Commander Dan Duff, RN, played one of the most decisive roles in the Battle of Normandy in 1944 when he directed naval gunfire as part of Operation Neptune, the D-Day landings. With more than 100 ships assembled off the Normandy coast, Duff had what he recorded in his memoir as "an interesting bombardment task", using the 16in guns of the "Nelson" class battleship HMS Rodney. She was to try to deter one of the German Panzer divisions hurrying to the scene, and under Duff's direction achieved this by firing a single round every three minutes for 36 hours. The huge shells, each as heavy as a small car, landed as far as 22 miles inland, causing havoc among the German tank formations.
As staff officer in charge of bombardment for Naval Command Assault Force "S", supporting troops landing on Sword Beach, west of Caen, the then Lieutenant-Commander Duff worked from the Combined Operations Headquarters ship HMS Largs. He liaised with a fellow officer accompanying the troops, and derived intelligence from the "ringside commentary" of Canadian pilots flying Mustangs. Once the Allies had advanced beyond the range of naval guns, the forward observers on shore switched to directing Royal Artillery batteries, and communications staff, including Duff, returned to England.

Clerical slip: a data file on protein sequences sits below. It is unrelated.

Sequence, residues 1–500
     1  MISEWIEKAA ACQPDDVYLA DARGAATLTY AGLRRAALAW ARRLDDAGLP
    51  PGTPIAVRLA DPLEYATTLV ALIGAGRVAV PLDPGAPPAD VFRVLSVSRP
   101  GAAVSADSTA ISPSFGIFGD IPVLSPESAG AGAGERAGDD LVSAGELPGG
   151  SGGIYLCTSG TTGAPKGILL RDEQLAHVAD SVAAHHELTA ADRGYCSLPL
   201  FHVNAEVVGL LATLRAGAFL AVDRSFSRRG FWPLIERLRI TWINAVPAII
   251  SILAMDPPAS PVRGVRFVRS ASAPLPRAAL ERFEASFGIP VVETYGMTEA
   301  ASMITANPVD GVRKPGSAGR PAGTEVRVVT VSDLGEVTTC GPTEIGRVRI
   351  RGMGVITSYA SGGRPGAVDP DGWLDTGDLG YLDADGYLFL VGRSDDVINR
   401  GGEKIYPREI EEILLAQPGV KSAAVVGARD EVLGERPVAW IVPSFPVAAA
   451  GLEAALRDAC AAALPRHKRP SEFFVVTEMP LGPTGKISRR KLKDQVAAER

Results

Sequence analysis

The DSC that his part in the invasion of Europe won him was far from being his only wartime prize. Already, in June 1940, the brilliant young naval officer had been decorated by both the British and the French for his services in Norway, honours won less than a month before he carried off as his bride the daughter of the First Sea Lord, Sir Dudley Pound.
Duff stepped up the aisle at St Michael's, Chester Square, on a windy 29 June 1940, the recipient of the DSC and the Croix de Guerre avec Palme de Vermeil; his new wife Barbara's full-length veil briefly caught on the swords of the guard of honour. Dan Duff had got to know Pound well as the Admiral's Flag Lieutenant when Pound was C-in-C in the Mediterranean between 1936 and 1939, in HMS Queen Elizabeth and HMS Warspite.